Gareth Southgate is keeping the faith with Joe Hart as England’s number one, insisting he remains the best goalkeeper in the country.
Speaking ahead of Friday’s World Cup qualifier against Malta, Southgate declined to offer details of his outfield selections or chosen captain but made a point of confirming Hart would retain the gloves at the Ta’Qali National Stadium.
The 30-year-old has endured a rocky start to his season-long loan at West Ham, conceding 10 goals in his first three matches, and the competition from Jack Butland, Tom Heaton and Jordan Pickford is only getting stronger.
But Southgate was clear that the status quo has yet to be overturned, with Hart’s record of conceding just twice in six qualifiers counting in his favour.
“Joe will start for us. I think he’s our best goalkeeper at the moment,” he said.
“I wanted to see how he would respond because he has had a difficult start to the season with his club but I’m pleased he’s in a good frame of mind. Joe has trained really well.
“His performances since I’ve been manager have been very, very good, he’s only conceded two goals in Scotland in this qualifying campaign.”
While Southgate was emphatic in standing up for Hart, he gave just enough hope to the challengers that it was not a lost cause before next summer’s World Cup.
“We’re only three matches into the start of the season, so I don’t feel as though the others have had time to stake a claim to push Joe out of that position,” he explained.
“But we’ve got three excellent goalkeepers here, there’s Jordan who was with us (before withdrawing through injury), and Fraser Forster, who is very unfortunate not to be in the squad.
“I’m fascinated to see how they all get on over the next few months.”
Hart is one of five players to have worn the skipper’s armband during Southgate’s eight games at the helm – alongside Wayne Rooney, Jordan Henderson, Gary Cahill and Harry Kane.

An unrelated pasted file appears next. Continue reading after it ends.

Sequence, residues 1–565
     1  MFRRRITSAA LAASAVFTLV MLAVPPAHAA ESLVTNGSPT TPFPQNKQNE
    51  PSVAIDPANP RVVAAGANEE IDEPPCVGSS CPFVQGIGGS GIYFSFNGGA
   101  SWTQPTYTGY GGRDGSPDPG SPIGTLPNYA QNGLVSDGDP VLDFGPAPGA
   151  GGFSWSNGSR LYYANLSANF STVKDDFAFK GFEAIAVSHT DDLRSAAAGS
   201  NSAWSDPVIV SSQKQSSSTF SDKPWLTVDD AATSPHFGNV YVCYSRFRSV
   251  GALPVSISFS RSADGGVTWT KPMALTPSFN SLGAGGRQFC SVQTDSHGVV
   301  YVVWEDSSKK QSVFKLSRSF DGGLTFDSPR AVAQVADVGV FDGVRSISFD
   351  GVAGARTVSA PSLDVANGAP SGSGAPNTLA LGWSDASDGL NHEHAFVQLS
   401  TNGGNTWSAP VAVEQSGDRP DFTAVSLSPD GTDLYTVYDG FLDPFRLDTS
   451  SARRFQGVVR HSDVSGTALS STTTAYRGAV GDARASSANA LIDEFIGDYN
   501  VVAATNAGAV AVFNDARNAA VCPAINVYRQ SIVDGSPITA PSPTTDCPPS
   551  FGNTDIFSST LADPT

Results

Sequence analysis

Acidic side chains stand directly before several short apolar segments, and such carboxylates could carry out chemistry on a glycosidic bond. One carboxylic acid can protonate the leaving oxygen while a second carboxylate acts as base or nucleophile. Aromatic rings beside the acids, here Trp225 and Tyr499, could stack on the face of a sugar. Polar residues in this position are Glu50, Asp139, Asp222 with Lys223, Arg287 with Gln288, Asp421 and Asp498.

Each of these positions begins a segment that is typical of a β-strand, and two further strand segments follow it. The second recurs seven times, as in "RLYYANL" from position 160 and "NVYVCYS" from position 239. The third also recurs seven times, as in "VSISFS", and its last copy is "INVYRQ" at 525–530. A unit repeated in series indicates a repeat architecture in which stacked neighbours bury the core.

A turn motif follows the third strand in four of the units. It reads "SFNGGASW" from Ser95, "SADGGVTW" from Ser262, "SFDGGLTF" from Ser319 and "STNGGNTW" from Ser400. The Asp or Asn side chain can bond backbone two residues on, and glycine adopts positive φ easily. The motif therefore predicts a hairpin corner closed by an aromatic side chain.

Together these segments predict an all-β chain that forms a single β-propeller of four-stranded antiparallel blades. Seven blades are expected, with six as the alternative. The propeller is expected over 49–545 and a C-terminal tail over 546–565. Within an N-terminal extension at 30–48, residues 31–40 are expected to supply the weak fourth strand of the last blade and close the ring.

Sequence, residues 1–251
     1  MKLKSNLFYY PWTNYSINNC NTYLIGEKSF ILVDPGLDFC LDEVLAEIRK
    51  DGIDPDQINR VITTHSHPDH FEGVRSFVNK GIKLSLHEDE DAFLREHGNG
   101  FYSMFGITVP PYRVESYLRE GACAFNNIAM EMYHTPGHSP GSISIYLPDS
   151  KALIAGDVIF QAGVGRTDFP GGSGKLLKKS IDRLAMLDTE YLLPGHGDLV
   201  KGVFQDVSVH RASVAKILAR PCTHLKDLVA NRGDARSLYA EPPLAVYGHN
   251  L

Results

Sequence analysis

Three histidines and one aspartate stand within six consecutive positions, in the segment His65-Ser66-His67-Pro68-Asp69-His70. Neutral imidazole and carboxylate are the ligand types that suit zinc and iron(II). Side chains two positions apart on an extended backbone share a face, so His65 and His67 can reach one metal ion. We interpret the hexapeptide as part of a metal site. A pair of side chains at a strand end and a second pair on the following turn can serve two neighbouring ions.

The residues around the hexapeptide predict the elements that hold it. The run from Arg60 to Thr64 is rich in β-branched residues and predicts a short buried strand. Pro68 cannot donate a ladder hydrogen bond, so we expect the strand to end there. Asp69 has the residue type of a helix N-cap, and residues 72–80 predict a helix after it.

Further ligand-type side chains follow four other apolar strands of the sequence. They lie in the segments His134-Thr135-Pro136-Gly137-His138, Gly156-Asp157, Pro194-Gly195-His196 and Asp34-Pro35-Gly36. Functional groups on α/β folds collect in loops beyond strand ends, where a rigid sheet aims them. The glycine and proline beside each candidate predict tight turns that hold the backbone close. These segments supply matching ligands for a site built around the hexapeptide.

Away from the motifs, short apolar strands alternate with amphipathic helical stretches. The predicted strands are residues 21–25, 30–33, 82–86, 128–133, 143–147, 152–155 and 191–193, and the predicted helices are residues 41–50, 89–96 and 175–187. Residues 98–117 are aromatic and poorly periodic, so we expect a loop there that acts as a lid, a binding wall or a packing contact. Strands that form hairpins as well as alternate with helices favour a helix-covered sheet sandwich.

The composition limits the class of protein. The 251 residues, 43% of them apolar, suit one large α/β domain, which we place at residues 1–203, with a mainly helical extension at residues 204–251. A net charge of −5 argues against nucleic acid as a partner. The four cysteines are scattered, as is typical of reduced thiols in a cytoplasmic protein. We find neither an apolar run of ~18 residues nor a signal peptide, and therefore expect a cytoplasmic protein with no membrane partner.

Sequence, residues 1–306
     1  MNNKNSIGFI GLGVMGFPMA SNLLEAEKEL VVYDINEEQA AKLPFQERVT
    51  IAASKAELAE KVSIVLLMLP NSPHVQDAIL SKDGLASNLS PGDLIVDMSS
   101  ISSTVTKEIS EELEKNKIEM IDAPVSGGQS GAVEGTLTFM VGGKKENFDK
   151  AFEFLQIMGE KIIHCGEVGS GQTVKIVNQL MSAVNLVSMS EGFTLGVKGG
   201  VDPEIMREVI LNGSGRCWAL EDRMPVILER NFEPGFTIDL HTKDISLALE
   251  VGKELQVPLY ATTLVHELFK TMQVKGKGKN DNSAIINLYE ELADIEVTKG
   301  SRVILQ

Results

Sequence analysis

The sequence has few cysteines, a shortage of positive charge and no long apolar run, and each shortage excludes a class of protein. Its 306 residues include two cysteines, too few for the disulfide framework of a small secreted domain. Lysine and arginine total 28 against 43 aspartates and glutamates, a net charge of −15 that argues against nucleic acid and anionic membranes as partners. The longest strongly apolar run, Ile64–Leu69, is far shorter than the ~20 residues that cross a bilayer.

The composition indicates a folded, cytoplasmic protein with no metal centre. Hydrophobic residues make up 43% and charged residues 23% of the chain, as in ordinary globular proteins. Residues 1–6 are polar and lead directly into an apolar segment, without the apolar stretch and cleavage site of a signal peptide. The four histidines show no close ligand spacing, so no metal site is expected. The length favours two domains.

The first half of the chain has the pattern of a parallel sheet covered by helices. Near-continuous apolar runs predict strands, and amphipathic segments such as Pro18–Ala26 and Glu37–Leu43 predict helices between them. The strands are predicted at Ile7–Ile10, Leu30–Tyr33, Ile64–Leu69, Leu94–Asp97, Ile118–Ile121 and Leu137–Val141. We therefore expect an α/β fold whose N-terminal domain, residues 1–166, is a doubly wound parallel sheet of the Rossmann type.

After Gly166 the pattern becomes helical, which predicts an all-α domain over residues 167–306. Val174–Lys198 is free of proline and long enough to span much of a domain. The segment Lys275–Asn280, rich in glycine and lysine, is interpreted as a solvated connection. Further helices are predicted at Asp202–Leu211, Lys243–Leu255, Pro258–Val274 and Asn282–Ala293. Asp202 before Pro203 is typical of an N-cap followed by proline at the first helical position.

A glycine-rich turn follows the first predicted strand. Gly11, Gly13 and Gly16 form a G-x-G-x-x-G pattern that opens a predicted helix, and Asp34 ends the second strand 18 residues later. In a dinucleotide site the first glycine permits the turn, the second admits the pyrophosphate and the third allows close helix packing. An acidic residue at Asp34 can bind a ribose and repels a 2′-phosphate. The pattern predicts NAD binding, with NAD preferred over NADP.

Rooney was the last permanent captain before losing his place in Southgate’s plans and his retirement last week has reinvigorated the question about a long-term successor.
As a player Southgate led every one of his club sides but remains convinced the most pressing need is to empower the group, rather than elevate one individual.
“I’m keen to keep sharing the leadership,” he said.
“We’ve focused too much on Wayne in particular these last few years and we’ve got to start building up a more resilient group of leaders to take responsibility.
“For me it’s not my most important decision, more important is trying to build the group into a stronger group that reacts in the right way collectively to pressure moments in the game.
“By putting one person forward to do that I don’t think we’re going to build that as a team.”
It was against the Maltese that Southgate took charge of England for the first time, then on an interim basis following the messy departure of Sam Allardyce.
He presided over a scrappy 2-0 victory at Wembley, though the extenuating circumstances could be taken as mitigation against a side now ranked 190th in the world.
Better will be expected this time but Southgate stressed his reign is still in a relatively formative phase.
“We’ve had about 25 days with the players since I became permanent manager, which would be about 16 or 17 training sessions across a period of eight months,” he added.
“It’s not easy to bring an instant change, it’s going to take time to put some things in place. But I feel the players are a lot clearer about the direction we want to go.”
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